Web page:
According to a study by Oxford this week, it was reported people who spend a lot of time playing videogames have better wellbeing, “Playing video games BENEFITS mental health,” wrote MailOnline. At the same time, Business Insider said that “Video games might actually be good for you.”
Why the surprise, though? That’s hardly news for someone who regularly plays video games. Video games are interesting and entertaining, and it keeps you excited to do fun, fascinating stuff. Do we need a study to demonstrate that you feel comfortable watching a few episodes of a beloved TV show or that settling down for a nice book is relaxing?
But that’s not to include the 11-year-olds whose whole significant social interaction was playing Roblox together with other kids for months. However, if you think about how video games are still mostly portrayed on TV and in the press, it’s simple to see how a review of their positive effects could cause such a shock.
It speaks to a disconcertingly pervasive negative image: many still see video games as, at best, a waste of effort or, at worst, completely terrifying. Coverage frequently focuses on how much money the gaming industry produces and also how competitive they can or may not be.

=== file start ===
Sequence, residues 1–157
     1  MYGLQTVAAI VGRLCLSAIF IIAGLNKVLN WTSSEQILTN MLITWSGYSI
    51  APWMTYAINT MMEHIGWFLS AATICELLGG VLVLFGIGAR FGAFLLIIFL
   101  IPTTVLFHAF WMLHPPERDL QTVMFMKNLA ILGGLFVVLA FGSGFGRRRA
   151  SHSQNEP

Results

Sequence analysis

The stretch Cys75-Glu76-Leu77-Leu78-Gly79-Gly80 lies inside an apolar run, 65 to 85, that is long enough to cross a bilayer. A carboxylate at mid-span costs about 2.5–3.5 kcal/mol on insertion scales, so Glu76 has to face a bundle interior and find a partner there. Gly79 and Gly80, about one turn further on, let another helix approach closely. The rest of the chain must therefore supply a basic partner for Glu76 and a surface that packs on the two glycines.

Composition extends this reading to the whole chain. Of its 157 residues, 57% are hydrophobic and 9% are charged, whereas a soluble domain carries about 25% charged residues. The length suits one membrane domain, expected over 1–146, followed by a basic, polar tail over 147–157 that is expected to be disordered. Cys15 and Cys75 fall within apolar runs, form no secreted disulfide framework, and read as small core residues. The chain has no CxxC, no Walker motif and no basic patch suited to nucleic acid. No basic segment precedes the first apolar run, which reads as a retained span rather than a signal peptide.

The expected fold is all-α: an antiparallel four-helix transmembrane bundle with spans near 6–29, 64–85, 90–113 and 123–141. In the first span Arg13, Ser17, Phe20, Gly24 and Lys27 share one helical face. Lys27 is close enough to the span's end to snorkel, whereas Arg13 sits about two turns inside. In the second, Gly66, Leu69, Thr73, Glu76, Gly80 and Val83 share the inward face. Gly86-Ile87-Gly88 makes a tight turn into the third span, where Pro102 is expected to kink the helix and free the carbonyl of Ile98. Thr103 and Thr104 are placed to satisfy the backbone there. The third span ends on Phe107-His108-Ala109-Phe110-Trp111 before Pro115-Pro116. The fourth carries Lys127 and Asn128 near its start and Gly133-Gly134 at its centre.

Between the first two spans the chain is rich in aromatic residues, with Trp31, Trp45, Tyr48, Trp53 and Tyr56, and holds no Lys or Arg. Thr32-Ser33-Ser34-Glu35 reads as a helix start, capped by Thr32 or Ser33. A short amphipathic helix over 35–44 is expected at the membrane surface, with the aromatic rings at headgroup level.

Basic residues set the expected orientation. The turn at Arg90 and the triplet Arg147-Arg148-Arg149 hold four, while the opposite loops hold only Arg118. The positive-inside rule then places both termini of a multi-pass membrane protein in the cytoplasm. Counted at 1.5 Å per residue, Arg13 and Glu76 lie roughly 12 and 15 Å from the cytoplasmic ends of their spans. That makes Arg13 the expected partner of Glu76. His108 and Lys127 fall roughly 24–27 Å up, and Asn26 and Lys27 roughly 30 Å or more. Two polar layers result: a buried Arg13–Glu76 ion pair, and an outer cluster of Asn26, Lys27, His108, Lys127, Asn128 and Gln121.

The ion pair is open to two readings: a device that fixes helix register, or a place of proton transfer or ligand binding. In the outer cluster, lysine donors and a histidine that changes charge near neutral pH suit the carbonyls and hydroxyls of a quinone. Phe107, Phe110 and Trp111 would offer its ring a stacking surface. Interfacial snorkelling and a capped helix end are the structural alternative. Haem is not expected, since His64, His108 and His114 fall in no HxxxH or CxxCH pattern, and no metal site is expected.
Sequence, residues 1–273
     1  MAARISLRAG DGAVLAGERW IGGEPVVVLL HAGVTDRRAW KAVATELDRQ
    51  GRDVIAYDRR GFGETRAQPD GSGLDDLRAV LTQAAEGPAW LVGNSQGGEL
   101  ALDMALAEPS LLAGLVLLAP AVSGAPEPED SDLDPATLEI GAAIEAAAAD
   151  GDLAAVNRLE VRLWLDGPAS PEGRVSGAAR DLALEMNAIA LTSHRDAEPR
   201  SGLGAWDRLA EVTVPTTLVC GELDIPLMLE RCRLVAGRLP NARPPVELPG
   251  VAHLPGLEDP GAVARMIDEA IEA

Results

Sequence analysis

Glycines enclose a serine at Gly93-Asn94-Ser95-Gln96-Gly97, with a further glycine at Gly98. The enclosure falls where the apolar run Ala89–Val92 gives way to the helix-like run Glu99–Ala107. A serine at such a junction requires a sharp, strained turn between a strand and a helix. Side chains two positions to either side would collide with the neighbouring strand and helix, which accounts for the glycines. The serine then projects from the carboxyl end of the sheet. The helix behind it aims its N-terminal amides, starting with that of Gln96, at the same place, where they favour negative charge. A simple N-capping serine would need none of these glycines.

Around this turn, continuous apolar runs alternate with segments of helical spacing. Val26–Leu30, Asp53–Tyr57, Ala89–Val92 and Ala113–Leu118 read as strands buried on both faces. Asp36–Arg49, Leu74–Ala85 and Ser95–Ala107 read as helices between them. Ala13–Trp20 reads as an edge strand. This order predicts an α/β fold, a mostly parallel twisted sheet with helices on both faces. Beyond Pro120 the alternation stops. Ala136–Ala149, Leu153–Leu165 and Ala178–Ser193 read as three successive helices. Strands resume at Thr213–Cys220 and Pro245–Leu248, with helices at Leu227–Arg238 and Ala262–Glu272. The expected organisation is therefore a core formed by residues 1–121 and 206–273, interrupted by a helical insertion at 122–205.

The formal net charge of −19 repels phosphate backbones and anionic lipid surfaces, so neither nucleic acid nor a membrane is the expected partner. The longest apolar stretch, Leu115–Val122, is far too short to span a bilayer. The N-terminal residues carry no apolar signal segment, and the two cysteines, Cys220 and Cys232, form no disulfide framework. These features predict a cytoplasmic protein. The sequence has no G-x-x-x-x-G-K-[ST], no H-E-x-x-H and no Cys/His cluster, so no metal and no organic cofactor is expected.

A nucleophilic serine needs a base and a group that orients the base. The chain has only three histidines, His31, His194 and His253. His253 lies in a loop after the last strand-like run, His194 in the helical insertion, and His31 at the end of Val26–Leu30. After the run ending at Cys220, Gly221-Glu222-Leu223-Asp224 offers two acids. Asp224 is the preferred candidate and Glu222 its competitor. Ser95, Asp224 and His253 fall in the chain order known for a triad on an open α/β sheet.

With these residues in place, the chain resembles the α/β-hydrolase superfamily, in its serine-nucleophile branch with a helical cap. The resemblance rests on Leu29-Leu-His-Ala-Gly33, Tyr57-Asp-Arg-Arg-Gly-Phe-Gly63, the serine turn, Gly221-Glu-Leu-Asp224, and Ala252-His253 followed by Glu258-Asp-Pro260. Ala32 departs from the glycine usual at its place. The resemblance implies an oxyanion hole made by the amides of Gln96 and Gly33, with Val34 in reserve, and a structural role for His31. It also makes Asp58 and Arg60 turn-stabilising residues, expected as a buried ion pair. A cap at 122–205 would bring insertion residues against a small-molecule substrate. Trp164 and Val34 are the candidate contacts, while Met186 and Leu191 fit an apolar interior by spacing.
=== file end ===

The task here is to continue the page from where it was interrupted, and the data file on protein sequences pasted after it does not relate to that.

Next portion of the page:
The articles and Television news reports take on a suspicious, alarmist tone any time a game gets famous with kids as if the nation’s kids are all slipping into drugs. Since 2005, since I first began writing professionally about video games as a teenager, I’ve been on the sharp end of this baffling stigma.
Since 2005, since I first started writing critically regarding video games as a teen, I’ve been on the leading edge of such a bewildering prejudice. Although I am now a grown woman with two children of my own, many people still adopt the tolerant term when I speak about games, and they would if a nine-year-old were vigorously tossing the Beano copy at them.
Or worse, as though I’ve only confessed to a gambling addiction, they ruffle their brows in worry. In a studio, I was questioned via an increasingly aggressive and unbelieving radio interviewer when Grand Theft Auto 5 was released in 2013 about the game’s brutality but instead of its meaninglessness.
“When I talk to people like you, I always think you ought to go and read a book,” he eventually snapped. I told him I would have a comparative literature degree, which soon put the discussion to an end.
It’s optimistic and life-enhancing whatever the large percentage of them will get out of their interest.